Re: Anglo-Saxon Plant-Name Survey

Alan Crozier wrote:
"Peter Alaca" <P.Alaca@xxxxxx> wrote in message
Alan Crozier wrote: news:Ch%Sf.48883$d5.205086@xxxxxxxxxxxxxxx

"Peter Alaca" <P.Alaca@xxxxxx> wrote in message
Alan Crozier wrote:
"celia" wrote
Peter Alaca wrote:

Tomorrow should be fun, I intend to translate
'Pipineale' not as 'Pimpernel'

Do you mean Scarlet Pimpernel or Yellow Pimpernel?

The scarlet pimpernel is very much more common here.

but as 'Salad Burnet'

There are two burnets. the Great (Sanguisorba
officinalis) and te Salad (S. minor, sometimes
called Poterium sanguisorba). Their Dutch names
are Grote Pimpernel and Kleine Pimpernel.
The 'kleine' (minor) is the most common.

I find your Dutch names reassuring; the more
I looked into this the more I came convinced that
it wasn't the plant we commonly call 'pimpernel'.

OED agrees with you. Pimpernel is defined (in
order) as:
1. Great Burnet and Salad Burnet
2. Burnet Saxifrage

Pimpinella saxifraga or P. major, but Anise
is also a Pimpinella (anisetum)

3. Anagallis arvensis, i.e. Scarlet pimpernel

Any idea what 'Ramgealla' could be ?
The dictionaries give 'Ramgall', I've never
heard of it. Have you?

This is a case of the dictionaries defining the unknown by
unknown. Ramgall can't be found in the OED.

Bosworth Toller defines it as Menyanthes trifoliata
(buckbean or
bogbean). Grigson doesn't seem to be convinced by this.
Buckbean he writes: "Unless it was the OE ramgealla, 'ram
it seems to have had no English name until Lyte turned the
bocks bonnen, 'goat's beans', into Buckbean."

Is it possible that it was bocks _bonen_? And 'bock'
(modern 'bok) is a male goat ('ram'). The general
name and the name for the females is 'geit'.
I don't know the name 'bocks bonen' (bokkebonen)
for Menyantes. It is now called 'Waterdrieblad'
(Water three leaf, cf 'trifoliata')

Sorry, I mistyped. The book says "bocks boonen" with the
"goat's beans". And we're talking about a translation by
Lyte in
1578 from Dodoens, so it's not modern Dutch.

No, that was clear. Therefore there was the choise
between 'boonen' and 'bonen'

>> BUT there is no part of Menyanthes resembling
buckbeans ('kloten van de bok'), and bean/boon
is not related to gal/gall/gealla/gale/galle/galli/
(gallar), meaning swelling, inflammation of the
skin, ailment, illness.
So I see no reason to call Menyanthes 'Ramgealla'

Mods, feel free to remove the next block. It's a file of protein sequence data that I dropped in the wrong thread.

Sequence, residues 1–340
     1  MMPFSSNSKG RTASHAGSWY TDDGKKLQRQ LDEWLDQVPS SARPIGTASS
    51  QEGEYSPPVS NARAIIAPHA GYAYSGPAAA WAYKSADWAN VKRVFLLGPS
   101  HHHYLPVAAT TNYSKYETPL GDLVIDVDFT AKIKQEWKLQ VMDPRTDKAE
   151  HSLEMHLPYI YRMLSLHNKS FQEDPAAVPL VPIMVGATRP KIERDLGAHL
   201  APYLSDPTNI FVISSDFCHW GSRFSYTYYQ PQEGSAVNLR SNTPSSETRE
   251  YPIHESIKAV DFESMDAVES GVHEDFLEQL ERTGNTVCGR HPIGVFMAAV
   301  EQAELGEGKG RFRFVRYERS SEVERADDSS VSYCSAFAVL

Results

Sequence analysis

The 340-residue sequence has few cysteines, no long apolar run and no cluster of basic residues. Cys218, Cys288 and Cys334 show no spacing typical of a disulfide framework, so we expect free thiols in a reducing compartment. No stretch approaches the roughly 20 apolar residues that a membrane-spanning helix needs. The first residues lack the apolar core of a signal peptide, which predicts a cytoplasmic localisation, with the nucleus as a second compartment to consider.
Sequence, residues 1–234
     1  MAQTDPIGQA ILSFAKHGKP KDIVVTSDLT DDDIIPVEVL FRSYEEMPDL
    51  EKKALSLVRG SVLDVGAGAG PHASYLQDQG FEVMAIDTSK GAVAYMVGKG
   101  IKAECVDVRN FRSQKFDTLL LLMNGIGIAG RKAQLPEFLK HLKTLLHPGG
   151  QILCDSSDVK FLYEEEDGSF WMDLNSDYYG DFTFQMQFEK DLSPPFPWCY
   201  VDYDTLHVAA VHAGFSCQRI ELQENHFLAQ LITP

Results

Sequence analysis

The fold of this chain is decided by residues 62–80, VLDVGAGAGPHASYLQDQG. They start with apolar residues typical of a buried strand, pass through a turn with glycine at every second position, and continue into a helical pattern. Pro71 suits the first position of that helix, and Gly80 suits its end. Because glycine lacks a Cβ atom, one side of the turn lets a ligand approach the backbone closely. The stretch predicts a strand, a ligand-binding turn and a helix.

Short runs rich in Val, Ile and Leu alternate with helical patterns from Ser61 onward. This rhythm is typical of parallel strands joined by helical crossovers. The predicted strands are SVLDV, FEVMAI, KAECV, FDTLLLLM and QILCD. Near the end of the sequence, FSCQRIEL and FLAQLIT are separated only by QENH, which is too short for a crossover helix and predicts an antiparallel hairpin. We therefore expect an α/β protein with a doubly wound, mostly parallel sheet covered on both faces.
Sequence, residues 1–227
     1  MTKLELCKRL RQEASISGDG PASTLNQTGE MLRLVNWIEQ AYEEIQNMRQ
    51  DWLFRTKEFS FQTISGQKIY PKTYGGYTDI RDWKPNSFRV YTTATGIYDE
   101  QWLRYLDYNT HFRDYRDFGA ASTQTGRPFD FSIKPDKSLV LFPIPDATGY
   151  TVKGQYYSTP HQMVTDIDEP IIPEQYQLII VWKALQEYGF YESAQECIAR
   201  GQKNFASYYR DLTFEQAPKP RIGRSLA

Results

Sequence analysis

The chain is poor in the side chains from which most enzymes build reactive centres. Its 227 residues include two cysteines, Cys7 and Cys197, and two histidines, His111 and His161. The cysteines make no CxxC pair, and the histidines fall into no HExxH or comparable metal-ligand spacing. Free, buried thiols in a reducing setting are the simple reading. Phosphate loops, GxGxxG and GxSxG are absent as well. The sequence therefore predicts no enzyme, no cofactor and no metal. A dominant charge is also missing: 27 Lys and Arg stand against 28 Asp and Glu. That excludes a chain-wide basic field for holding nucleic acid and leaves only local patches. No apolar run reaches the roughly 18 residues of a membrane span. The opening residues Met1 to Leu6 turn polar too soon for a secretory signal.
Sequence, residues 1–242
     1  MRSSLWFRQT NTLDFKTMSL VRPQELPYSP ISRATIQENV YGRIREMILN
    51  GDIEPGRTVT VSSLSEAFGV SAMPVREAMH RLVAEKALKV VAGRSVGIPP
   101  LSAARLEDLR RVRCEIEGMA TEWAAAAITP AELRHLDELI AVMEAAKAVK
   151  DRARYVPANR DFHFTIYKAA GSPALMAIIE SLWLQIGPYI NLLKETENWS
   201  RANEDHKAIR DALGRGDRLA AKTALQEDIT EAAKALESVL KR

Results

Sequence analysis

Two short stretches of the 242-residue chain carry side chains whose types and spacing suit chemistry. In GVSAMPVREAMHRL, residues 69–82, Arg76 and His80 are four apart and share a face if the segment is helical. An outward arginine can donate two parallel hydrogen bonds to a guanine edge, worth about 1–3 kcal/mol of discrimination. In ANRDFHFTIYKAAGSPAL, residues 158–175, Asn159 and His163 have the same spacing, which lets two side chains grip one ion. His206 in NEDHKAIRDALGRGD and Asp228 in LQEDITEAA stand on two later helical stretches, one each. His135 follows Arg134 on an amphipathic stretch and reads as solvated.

or bocks bon(n)en. On the other hand is there also
no reason to call it Buckbean. Part of the solution
there is its other, and slighly more suitable, English
name 'Bogbean', but the bean remains a problem.
And I can't believe the name is taken from the Dutch
for Menyanthes.

That's what Grigson says: buckbean is the older form, later
altered to bogbean, from its habitat.

If you Google for "bocks boonen" you get (a) etymologies for
buckbean; (b) the original form in Dodoens Cruydt-Boek,
you will understand better than I can.

The gothic script is the biggest problem.

You already said that the 'bean' is after the
leaves "die van de Boonen ghelijck". I agree
with Broadbean.
The woodcut on page 921 clearly shows Menyanthes.
He writes that the old Dutch name is Bocke-boonen,
in Latin Faselus hircinus, but that the scientist now call
it "Trifolium palustre", which means 'Water-klaveren'
(water clovers). In German it is called Biberklee, in Latin
Castoris trifolium or Trifolium fibrinum (sibrinum?)
He thinks that it probably is the same plant as the 'Isopyron'
(and Phasiolus) of the old writers.

I fount no explanation for the 'bocke' part.
And I still don't know why 'Ramgealla'
is Bogbean

I don't think anybody knows why. I don't know who made that
suggestion in the first place. It might partly be because no one
knows what bogbean was called in Old English, combined with the
fact that no one knows what OE ramgealla meant. Putting these
two unknowns together must have seemed like a possibility to


I didn't realise until I looked it up that in England
the word 'bog' is early modern.
it was adopted from the Irish.